The scientists' predictions were accurate — our resources ended around 2050. People are referring to this moment of history as the Blackout. The increased consumption of the natural goods caused drastic changes in our life. Governments started to collapse and the private companies increased in power. Some countries had an advantage over others and so they tried to shift to other sources of energy in 2020s. These countries were the either leaders in fossil fuel consumption or their economies were based on selling fuels to others. One of the most significant successes achieved was Saudi Arabia, which started to shift to renewable sources of energy. After the expansion of solar energy in 2019, Saudi Arabia planned to generate 50% of its electricity from clean sources by 2030 (John et al., 2022). Their plan was realised successfully. In 2055 Poland become a superpower, thanks to its research in energy technology. Poland was known in the modern history as a black square — in 2018 coal was used to produce 78,2% of all needed energy (Bednarek, 2019). In 2016 Poland ranked 9th in the world for Coal consumption, accounting for about 13.1% of the world's total consumption (Worldometer, 2016). Once the world was in energy chaos, the Polish billionaire drastically changed the energy sector in his country and research new energy technology. Once his influence risen, his corporation assimilated POLSA, the Polish space agency. It was a turning point in the history of the human race. Several years later, POLSA invented the interstellar engine.

I remember the events of the Blackout very clearly. As our future was threatened, people got scared and saw just the black scenarios. They were expecting the vision of the future represented in pop culture. Like Blade Runner films for example — pollution and destruction of the environment was a major theme in both films. In Blade Runner, the environment was seen as heavily polluted and overpopulated, with most of the urban landscape dominated by industrial, smog-filled cities. Pollution caused the extinction of many animal and plant species, and the air was filled with toxic smog. In Blade Runner 2049, the environment was even worse — most of the planet was no longer capable of supporting life. The sky had a permanent orange hue due to the smog, and the climate changed drastically, with severe dust storms occurring frequently. In addition, the water was polluted and contaminated, killing many aquatic species. People living in these conditions were forced to rely on artificial oxygen and faced many health problems due to pollution. In the film Io (2019), the pollution and destruction of the Earth were central themes. Earth has been devastated by an unknown event, leaving the planet uninhabitable. The remaining population lived in a few scattered cities, while the rest of the planet was a wasteland and ruined cities. The air was toxic and the water polluted, making it difficult for any living thing to survive. The few remaining humans were desperate to find a new home. The pollution and destruction of the Earth was the result of human activity, something the characters are reminded of throughout the film. Humans have made the planet uninhabitable and the government has not acted to stop this.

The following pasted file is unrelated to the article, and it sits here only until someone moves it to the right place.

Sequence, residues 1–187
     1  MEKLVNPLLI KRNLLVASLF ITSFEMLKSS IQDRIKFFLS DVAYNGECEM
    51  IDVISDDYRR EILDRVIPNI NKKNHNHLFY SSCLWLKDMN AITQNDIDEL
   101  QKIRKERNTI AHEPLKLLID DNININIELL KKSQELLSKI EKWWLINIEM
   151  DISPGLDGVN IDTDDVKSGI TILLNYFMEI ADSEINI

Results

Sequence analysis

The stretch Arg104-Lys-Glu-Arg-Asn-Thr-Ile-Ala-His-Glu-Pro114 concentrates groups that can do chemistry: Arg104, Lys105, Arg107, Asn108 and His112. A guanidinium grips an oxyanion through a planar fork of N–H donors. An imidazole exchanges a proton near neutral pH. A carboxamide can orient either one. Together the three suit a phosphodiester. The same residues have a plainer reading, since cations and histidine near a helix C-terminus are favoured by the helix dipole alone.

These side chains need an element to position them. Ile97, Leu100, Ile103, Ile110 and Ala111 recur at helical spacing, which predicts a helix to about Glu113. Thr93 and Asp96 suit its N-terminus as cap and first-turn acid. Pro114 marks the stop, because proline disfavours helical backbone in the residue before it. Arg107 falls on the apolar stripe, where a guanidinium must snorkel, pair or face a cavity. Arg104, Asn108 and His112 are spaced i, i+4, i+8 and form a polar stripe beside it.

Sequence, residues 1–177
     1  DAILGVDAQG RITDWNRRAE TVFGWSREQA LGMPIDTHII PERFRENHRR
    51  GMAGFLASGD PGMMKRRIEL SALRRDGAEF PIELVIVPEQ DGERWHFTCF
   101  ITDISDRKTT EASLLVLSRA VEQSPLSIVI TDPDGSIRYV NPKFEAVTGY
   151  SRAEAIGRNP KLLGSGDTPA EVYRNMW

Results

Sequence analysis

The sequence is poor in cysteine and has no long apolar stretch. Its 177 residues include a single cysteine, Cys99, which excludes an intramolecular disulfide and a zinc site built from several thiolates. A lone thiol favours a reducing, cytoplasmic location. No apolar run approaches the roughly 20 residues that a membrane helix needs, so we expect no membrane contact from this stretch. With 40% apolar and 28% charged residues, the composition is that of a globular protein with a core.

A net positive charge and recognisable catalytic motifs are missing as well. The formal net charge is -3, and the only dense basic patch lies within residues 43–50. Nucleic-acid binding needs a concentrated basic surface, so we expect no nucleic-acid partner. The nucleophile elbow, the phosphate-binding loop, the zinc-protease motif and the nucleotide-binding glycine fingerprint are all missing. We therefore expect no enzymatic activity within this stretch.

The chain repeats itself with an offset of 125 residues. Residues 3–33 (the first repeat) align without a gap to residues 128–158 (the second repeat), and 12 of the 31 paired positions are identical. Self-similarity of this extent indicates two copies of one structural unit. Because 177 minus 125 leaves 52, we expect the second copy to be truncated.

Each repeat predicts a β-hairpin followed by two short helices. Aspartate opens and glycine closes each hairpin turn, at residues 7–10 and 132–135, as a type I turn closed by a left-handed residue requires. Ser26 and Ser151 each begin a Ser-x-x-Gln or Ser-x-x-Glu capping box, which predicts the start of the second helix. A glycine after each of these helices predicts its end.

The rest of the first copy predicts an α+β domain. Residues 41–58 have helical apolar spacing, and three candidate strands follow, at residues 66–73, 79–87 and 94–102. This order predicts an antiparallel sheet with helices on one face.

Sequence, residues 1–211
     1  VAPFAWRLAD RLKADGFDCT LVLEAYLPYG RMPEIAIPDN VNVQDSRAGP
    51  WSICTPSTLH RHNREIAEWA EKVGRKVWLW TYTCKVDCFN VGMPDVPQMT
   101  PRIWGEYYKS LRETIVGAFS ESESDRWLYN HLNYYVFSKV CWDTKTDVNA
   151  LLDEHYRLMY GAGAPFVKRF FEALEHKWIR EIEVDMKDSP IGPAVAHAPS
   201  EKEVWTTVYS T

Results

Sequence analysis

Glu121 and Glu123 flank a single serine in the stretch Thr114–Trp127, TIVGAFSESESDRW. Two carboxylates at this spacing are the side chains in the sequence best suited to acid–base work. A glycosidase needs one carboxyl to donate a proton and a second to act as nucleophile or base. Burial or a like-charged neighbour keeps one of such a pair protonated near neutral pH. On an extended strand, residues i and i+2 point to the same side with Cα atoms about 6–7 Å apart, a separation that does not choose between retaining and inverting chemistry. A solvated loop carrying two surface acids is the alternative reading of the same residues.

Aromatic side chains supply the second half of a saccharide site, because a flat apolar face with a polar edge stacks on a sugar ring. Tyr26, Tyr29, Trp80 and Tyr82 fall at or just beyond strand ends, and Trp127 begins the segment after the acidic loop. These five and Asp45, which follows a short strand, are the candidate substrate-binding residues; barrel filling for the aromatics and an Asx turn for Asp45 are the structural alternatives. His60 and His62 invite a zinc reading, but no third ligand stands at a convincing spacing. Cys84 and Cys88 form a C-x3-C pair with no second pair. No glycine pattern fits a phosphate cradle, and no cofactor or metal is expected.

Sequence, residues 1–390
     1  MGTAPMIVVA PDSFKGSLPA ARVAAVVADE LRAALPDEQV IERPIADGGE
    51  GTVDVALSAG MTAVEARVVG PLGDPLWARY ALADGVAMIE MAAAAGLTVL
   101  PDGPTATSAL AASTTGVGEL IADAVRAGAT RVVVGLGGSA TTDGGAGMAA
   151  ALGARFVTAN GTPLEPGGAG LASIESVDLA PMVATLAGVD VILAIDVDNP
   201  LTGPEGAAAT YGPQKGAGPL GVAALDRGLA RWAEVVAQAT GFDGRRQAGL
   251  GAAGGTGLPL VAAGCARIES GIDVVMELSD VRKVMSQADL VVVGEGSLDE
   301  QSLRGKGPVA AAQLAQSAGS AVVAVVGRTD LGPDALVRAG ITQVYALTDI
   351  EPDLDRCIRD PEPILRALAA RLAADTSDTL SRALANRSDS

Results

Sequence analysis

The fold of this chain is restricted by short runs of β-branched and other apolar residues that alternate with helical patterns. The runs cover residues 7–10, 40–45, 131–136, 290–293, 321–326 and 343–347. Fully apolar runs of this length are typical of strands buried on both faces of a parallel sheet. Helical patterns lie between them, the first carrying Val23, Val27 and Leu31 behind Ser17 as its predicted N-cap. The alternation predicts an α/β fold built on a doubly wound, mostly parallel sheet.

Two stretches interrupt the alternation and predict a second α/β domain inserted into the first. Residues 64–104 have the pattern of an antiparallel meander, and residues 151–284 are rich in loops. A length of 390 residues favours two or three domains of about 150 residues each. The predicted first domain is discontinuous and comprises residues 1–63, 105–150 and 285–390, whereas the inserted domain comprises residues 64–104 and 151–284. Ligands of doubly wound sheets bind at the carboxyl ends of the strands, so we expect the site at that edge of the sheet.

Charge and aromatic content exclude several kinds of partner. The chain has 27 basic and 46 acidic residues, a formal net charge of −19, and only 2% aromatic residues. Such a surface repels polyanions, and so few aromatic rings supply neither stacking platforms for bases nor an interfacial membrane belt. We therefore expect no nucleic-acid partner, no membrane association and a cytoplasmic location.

Interstellar (2014), on the other hand, showed the effects of human pollution and the destruction of the Earth. The film followed a group of astronauts who travelled to a distant planet in search of a new home for humanity, as the Earth was slowly destroyed by environmental degradation. The film presented the devastating effects of climate change and resource destruction, including oxygen depletion and the destruction of the planet's ecology. Humans have exploited the planet and allowed their own greed to bring them to the brink of extinction. The film showed how the human race has failed to take responsibility for their actions and how the consequences of their actions now threaten the survival of the entire planet.